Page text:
While entrepreneurship is one tool for helping young people in Jordan find new opportunities, empowering a generation can begin with simple encouragement of leadership.
For Rawan Da'as, facing local realities in Jordan and working to change them is a daily creative process.
After graduating from the University of Jordan, she began expressing her passion for photography by documenting areas of Amman, eventually winning the Arab Participant prize for a photo she took of three kids playing with stones in a refugee camp in Jordan called Gaza camp – located in Jerash, a city near Amman.
Yet being a photographer wasn't enough; it felt exploitative. "It is not right to visit these areas, win prizes from their misery and just leave," says Da'as.
To counter her frustration, she launched "Photographic Skills for Little Wonders," a project designed to improve leadership, team work, project managment, creativity and critical thinking, through photography, among children living in deprived areas.
The hope is that by teaching them skills that would help them lead and find jobs despite the fact that they come from one of the poorest regions in the country.
How it started
She couldn't do it alone, however. To get started, Da'as prepared a proposal for her project and pitched it to Ruwwad, a non-profit community empowerment organization that helps disadvantaged communities overcome marginalization. Once her proposal was accepted, Ruwwad agreed to support the initiative by providing cameras for the children, a place to meet and two volunteers.
Over six months, Da'as began dedicating her Saturdays to a group of six children from Jabal Al-Natheef. She would meet with them first, share her experience about the importance of volunteering and contributing to your community, and give them training on how to become good leaders, teaching them about finance, how to be an active team member, and how to think creatively and critically. After the meeting, the group would walk in the streets, take pictures and interact with the community.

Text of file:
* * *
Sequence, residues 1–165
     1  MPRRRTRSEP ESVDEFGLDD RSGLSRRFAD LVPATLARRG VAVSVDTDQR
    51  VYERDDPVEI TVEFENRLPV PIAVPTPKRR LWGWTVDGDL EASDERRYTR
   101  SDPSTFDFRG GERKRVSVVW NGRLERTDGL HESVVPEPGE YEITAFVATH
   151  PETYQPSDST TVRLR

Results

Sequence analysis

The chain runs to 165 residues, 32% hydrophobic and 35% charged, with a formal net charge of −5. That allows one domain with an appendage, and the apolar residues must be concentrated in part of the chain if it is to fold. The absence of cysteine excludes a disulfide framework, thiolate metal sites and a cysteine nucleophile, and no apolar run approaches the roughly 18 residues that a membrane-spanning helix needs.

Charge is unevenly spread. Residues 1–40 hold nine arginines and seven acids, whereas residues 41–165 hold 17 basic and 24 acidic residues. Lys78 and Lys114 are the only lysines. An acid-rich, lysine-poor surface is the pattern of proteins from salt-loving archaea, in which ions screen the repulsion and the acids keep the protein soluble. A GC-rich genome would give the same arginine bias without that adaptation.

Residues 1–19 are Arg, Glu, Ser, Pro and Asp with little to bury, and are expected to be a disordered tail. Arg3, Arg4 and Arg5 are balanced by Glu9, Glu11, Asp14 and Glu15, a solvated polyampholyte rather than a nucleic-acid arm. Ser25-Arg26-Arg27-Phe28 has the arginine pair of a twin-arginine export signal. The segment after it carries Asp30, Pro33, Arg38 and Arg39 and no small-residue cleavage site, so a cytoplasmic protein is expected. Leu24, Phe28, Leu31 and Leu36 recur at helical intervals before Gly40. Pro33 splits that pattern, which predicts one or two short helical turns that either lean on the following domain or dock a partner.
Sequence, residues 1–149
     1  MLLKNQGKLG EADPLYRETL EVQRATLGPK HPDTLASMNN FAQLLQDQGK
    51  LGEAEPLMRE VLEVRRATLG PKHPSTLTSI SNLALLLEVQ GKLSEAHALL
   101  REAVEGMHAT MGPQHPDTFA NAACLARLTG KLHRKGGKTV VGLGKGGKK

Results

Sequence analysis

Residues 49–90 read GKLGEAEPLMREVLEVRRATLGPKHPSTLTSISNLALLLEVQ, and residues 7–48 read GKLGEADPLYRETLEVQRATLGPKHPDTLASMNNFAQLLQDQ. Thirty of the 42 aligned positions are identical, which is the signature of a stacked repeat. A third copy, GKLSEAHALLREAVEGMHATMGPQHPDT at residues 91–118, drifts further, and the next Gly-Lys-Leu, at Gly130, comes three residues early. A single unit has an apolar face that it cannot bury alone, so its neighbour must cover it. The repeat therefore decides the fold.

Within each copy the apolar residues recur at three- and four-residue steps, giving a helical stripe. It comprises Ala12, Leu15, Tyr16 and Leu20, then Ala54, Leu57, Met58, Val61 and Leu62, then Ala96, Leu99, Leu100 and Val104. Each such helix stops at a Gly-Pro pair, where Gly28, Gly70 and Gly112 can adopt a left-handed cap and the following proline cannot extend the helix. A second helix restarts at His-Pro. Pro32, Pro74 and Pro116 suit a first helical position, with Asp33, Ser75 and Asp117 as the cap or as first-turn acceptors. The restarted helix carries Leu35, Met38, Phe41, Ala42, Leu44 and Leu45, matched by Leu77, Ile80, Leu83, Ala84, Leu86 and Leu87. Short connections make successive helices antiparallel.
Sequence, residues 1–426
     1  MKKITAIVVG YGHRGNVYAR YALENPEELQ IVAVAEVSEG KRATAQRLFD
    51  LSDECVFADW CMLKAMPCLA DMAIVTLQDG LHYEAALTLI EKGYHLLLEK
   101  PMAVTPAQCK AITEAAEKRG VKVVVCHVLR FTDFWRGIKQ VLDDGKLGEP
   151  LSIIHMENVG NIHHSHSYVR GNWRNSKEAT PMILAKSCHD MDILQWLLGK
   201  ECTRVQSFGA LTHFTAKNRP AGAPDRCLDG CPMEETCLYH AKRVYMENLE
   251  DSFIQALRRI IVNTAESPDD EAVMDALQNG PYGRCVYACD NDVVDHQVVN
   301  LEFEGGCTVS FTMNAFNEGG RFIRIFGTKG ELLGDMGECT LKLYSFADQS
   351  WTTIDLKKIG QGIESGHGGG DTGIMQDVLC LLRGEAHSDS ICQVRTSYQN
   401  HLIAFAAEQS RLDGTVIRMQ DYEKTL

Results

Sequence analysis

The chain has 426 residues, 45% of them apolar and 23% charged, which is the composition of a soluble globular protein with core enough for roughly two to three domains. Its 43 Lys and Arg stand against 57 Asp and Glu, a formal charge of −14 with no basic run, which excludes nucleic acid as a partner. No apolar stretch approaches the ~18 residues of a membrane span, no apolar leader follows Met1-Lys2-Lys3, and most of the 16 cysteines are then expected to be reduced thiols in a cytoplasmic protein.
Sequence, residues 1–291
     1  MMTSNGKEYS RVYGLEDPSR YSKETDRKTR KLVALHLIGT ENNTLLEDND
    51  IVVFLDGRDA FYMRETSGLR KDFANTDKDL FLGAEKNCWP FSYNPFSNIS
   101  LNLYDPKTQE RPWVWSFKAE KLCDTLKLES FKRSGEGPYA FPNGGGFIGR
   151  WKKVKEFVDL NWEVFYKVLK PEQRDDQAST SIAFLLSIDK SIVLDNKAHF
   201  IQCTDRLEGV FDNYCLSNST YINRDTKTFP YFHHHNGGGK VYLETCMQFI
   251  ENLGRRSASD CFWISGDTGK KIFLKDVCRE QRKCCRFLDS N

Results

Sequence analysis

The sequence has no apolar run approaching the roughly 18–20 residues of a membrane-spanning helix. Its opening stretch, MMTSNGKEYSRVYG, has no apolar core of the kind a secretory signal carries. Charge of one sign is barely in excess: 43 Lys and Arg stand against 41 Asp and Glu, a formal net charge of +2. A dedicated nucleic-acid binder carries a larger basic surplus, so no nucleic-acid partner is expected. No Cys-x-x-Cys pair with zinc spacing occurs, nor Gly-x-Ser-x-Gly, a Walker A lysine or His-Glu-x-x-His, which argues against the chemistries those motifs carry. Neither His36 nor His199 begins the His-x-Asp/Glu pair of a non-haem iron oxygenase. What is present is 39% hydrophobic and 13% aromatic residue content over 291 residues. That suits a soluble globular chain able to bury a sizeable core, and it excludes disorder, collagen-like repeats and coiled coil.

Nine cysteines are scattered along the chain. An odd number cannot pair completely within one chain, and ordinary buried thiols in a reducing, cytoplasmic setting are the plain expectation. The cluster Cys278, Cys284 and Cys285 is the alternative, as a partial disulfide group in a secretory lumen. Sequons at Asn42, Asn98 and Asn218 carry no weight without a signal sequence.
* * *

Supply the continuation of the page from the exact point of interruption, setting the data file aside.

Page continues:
A crucial part of the project is assigning small tasks to each member, like managing the production of a short movie, calculating its financial needs, or being responsible for the cast and the team. At the end of the project, 80 pictures were exhibited at Ruwwad day, on June 16th 2012, all from Jabal Al-Natheef, and a movie was produced and shared on Youtube.
Focusing on Social Change
Da'as has continued to push a narrative of social change and empowerment through the arts, as a member of the AMENDS delegate at Stanford University (American Middle Eastern Network for Dialogue) and the Jordanian Photographic Society, and a participant in the Karama Film Festival, a festival focused on human rights.
She's been rewarded for her efforts, not just with the Arab Participant Prize, but also by winning second prize at the 8th International Photography Festival of Jordan. Yet the accolades haven't slowed her commitment to her work. Her day job as a content affairs manager focuses on business advice, complementing her social work, she says. "My work is far from my interests, but allows me to develop many important skills to train the young volunteers."
Now, she's taking the project on the road, hoping to launch the project again in other regions, especially outside Amman, once she can secure funding.
The project is designed to last six months, consisting of weekly meetings and short trips with groups of 6-8 students to photograph surrounding areas, culminating in an exposition of their photos.
While Jordan has volunteerism organizations like Nakhweh working to make a difference, it's clear that there's plenty to do at very basic levels. "The Jordanian community needs volunteering, commitment and hard work. It s very sad for me to see young Jordanians drowning in their daily jobs and not doing anything else for their societies", Da'as says on a sad final note.